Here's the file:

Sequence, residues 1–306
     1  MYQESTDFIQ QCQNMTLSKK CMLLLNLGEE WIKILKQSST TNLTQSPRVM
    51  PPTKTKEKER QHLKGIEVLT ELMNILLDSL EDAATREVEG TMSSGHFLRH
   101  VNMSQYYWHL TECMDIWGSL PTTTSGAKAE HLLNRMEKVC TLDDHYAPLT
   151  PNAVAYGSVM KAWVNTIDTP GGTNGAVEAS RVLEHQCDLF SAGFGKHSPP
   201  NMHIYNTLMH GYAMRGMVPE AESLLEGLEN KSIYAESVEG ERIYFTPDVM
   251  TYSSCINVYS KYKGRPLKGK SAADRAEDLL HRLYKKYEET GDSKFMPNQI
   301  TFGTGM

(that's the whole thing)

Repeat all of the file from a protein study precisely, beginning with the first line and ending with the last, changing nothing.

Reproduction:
Sequence, residues 1–306
     1  MYQESTDFIQ QCQNMTLSKK CMLLLNLGEE WIKILKQSST TNLTQSPRVM
    51  PPTKTKEKER QHLKGIEVLT ELMNILLDSL EDAATREVEG TMSSGHFLRH
   101  VNMSQYYWHL TECMDIWGSL PTTTSGAKAE HLLNRMEKVC TLDDHYAPLT
   151  PNAVAYGSVM KAWVNTIDTP GGTNGAVEAS RVLEHQCDLF SAGFGKHSPP
   201  NMHIYNTLMH GYAMRGMVPE AESLLEGLEN KSIYAESVEG ERIYFTPDVM
   251  TYSSCINVYS KYKGRPLKGK SAADRAEDLL HRLYKKYEET GDSKFMPNQI
   301  TFGTGM